I also don't care if a small but earnest group of Rocky Mountain hicks wants to give an award. Know who awards mean the most to? Teachers and librarians. Will they hear about the award?

3. How good will such an award sound if we put it on the book jacket or in the marketing materials? "The Podunk Vermont Award for Excellent Depiction of a Bovine" is not something we want to publicize. "The Willa Award for Women Writing the West" sounds a hell of a lot more like something you'd buy, doesn't it?

So no, they won't be offended, but do phrase your email to them in a way that says you're not trying to tell them how to do their jobs. Something along the lines of "Here are some awards you might want to consider entering my book for. Would you let me know which, if any, you decide to pursue? Thanks much, your author." It doesn't hurt to copy your editor on that correspondence.

It's normal that Publicity wouldn't want to give names of reviewers, yes. But which publications they sent review copies to isn't any secret. They're very, very busy, though. If you just haven't heard from them, in my experience it's because they've sent the book to everybody who counts and they don't understand why you can't just wait to see who does or doesn't review your book.

(I know, the waiting is terrible. Authors and the waiting are a bad combination. Keep yourself busy however you can.)

Wednesday, August 5, 2009

In Which I Form an "Opinion"

If your publishing house acquired a debut novelist with radically ambitious marketing ideas (eg: corporate-sponsored book tour; alternate reality game played by fans in real time around the country; basically, any idea that hasn’t yet been proven effective for the book):
1. How likely would you support those efforts?
You pretty much answered your question with "hasn't yet been proven effective".
You must understand that every debut novelist and writer of any sort has a catalog of ideas about what might be done to promote their special book.

Ideas that may indeed be
  • original
  • daring
  • innovative
Ideas that are also almost certainly
  • based on a fundamental lack of experience in selling books
  • moderately or massively expensive, in cash and staff involvement
It can be easy to think that the equation should be as simple as "I have ideas, publishers have money". Doesn't your publisher want to invest in your book?

Yes, your publisher does. But not in any way that might prove a complete waste of money, because people get fired over stuff like that.

Why in god's name would they invest in a tactic they have no reason to think would succeed, when they have other tactics they could spend that very same money on (please note: the only money they have to spend on that book) that will quite likely succeed?
2. If you found the ideas sound and would pledge support, what form of support would likely be offered (contacts/mailing lists, media training, money…)?
Ok, so let's assume you've somehow given the publisher a reason to think a particular tactic would succeed (outside of "it would be so cool" or "it totally worked on my neighbors"). What support would be forthcoming would depend entirely on the idea and how sound we'd found it.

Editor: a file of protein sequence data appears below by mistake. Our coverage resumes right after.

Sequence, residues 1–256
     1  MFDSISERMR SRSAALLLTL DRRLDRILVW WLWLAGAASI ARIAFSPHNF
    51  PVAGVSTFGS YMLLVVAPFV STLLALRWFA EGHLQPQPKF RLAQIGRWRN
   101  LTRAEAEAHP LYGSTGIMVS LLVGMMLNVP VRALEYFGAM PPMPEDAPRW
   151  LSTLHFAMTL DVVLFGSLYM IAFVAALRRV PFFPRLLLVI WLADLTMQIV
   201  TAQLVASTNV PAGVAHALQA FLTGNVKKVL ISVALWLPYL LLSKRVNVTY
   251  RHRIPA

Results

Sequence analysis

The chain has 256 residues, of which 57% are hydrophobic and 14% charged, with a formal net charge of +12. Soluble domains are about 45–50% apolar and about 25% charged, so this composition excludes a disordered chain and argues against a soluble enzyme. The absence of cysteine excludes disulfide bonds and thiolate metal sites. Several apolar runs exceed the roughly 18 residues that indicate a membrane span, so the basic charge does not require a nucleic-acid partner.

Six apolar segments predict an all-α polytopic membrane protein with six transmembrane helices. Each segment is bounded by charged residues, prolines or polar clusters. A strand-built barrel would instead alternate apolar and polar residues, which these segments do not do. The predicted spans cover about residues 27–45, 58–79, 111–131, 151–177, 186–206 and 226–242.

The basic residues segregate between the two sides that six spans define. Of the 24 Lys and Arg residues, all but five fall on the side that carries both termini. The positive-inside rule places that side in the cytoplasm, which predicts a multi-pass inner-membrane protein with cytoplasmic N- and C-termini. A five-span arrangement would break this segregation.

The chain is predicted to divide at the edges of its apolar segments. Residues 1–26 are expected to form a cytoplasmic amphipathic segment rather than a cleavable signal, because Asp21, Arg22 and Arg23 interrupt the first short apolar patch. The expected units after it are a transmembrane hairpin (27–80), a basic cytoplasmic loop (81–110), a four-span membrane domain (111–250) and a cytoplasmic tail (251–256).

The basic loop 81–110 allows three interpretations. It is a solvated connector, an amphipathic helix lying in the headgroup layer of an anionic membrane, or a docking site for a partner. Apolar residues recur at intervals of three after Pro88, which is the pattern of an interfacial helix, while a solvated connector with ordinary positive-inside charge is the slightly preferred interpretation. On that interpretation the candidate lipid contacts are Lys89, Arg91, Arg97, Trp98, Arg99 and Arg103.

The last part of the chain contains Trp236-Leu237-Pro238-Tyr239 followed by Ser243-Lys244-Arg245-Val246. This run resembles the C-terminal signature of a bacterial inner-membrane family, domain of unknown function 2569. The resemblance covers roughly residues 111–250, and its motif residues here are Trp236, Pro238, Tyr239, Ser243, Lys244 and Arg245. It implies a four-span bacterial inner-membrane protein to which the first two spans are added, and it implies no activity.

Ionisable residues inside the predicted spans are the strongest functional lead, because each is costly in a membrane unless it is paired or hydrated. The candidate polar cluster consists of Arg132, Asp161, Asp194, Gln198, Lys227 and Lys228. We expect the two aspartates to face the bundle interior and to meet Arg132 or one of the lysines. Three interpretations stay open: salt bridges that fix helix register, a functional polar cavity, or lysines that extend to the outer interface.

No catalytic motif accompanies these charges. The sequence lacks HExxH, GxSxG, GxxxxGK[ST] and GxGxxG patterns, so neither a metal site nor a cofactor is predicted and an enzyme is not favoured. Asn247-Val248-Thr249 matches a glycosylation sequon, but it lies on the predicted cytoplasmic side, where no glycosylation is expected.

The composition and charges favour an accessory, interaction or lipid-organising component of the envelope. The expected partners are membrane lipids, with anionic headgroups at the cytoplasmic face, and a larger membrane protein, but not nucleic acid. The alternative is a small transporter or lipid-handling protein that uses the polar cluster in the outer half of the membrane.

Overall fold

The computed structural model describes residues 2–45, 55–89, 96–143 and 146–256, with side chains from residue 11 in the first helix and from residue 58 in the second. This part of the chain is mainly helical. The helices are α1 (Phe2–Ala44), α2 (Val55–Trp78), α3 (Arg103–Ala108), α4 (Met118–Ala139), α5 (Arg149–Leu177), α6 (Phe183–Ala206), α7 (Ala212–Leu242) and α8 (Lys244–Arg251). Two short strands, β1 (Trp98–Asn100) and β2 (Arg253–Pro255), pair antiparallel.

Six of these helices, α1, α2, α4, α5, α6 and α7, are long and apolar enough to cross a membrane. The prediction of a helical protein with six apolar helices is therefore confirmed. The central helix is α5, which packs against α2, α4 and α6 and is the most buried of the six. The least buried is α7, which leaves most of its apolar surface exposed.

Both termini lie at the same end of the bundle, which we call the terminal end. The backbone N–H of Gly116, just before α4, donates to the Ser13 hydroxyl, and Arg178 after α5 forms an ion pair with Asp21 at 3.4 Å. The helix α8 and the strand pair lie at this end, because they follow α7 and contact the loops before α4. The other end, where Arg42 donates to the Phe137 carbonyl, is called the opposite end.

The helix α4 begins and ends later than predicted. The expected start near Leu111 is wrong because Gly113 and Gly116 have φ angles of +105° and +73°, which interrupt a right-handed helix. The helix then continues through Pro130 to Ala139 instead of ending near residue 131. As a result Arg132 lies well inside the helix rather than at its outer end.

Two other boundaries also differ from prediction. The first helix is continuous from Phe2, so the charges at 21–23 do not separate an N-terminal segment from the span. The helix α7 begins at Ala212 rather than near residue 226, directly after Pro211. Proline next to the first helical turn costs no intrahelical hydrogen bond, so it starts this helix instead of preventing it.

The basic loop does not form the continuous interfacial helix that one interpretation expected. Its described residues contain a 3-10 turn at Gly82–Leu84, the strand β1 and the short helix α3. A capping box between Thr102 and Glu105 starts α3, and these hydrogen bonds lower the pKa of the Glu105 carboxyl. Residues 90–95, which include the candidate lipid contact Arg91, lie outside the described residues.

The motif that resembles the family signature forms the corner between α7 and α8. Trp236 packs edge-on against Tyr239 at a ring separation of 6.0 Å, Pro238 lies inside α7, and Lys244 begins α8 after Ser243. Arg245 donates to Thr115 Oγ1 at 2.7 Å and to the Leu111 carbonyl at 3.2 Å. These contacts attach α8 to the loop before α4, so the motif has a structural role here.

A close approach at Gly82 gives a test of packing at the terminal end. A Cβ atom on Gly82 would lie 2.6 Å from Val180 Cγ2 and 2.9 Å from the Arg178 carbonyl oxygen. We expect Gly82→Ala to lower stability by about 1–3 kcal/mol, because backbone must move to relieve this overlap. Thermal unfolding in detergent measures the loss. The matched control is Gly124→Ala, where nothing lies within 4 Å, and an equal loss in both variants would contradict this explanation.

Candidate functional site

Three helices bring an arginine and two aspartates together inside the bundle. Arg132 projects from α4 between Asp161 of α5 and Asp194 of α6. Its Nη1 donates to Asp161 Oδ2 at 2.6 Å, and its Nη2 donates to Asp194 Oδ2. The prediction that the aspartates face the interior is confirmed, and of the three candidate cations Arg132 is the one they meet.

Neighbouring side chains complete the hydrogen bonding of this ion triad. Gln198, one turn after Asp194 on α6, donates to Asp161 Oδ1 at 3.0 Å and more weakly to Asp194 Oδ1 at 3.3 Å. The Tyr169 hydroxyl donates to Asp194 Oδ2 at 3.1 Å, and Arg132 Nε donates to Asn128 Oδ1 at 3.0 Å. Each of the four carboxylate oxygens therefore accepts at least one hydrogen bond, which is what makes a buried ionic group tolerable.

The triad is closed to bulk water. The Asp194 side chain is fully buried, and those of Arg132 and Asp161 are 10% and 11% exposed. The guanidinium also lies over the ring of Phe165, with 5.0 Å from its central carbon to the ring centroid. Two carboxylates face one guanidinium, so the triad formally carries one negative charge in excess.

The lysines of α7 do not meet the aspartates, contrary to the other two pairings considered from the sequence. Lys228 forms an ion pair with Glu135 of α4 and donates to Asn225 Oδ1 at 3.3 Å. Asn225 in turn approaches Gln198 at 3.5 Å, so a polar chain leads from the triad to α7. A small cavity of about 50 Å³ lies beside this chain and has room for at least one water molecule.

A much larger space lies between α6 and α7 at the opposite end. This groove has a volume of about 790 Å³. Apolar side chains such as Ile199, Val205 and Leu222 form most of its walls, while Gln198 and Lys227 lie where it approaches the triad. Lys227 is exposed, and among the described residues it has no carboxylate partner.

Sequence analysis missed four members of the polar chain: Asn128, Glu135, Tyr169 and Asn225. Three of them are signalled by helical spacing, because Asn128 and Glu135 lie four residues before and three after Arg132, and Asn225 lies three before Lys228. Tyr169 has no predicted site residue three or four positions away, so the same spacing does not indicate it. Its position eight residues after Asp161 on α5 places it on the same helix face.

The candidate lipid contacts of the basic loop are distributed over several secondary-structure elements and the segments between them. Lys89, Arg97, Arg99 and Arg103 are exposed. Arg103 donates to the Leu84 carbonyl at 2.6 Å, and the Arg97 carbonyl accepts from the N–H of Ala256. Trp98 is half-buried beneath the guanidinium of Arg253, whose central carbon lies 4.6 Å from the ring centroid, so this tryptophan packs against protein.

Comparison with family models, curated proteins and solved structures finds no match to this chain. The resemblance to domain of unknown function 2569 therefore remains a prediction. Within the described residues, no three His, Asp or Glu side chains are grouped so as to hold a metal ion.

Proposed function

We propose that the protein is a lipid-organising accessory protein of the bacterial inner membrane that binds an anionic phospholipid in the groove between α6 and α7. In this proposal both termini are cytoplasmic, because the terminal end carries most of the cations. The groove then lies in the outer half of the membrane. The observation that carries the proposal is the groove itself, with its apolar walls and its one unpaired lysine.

3. If you would deny support to any ideas outside of those previously tested and proven (eg: book review copies, press materials, author page on house website), on what would you base this opinion?
On what would I base my opinion about "previously tested and proven" tactics?!

Wait, wait, back up. "Opinion"?!?

All right, maybe I've misunderstood the question. I am taking a deep breath.
I don't feel I can really help you understand marketing decisions any more than to say that we do need a reason to think a marketing tactic or strategy would work. Not a guess, not a theory, not an opinion. The tactics we use don't always work the way we'd hoped, but at least we were basing them on previous experience, facts, studies, and a realistic understanding of how the book business works. If you can bring some or all of those things to the discussion of radical new tactics, we'll listen.

Saturday, August 1, 2009

Yes, We Have No Editors Today

I just came back from the ALA conference and I'm still as confused as ever as to who does what and who talks to who in the world of publishing. I assume that most of the publishing people I see at an event like that are marketing people, but I remember meeting an editor from a small (but quite well-known) children's press who, when learning I was a librarian, said "maybe I'll see you at ALA." To what extent, then, do editors wear different hats and might I see them pop up at these events sometimes? Also, where does an event like ALA rank on your radar screen as far as reaching possible buyers?
Certainly Marketing and Publicity are regular attendees at events like ALA and BEA. Those events are also lousy with editors and other publishing professionals. Both events rank high for us-- they are usually our best chances to connect with the librarian and bookseller communities.

Getting a chance to talk to committed booksellers and librarians--who are or may become movers and shakers in their respective areas-- is of tremendous help to editors, if we can manage a conversation amid the bustle.

Keep in mind that we are continually avoiding twits who think they'll submit a manuscript or pitch a project to us in person, regardless of our submission guidelines. So don't be surprised if editors don't have a badge on or "accidentally" have their badges flipped. If someone we don't know shows up and asks if there's 'an editor' in the booth, we will scan the booth carefully before lying our asses off.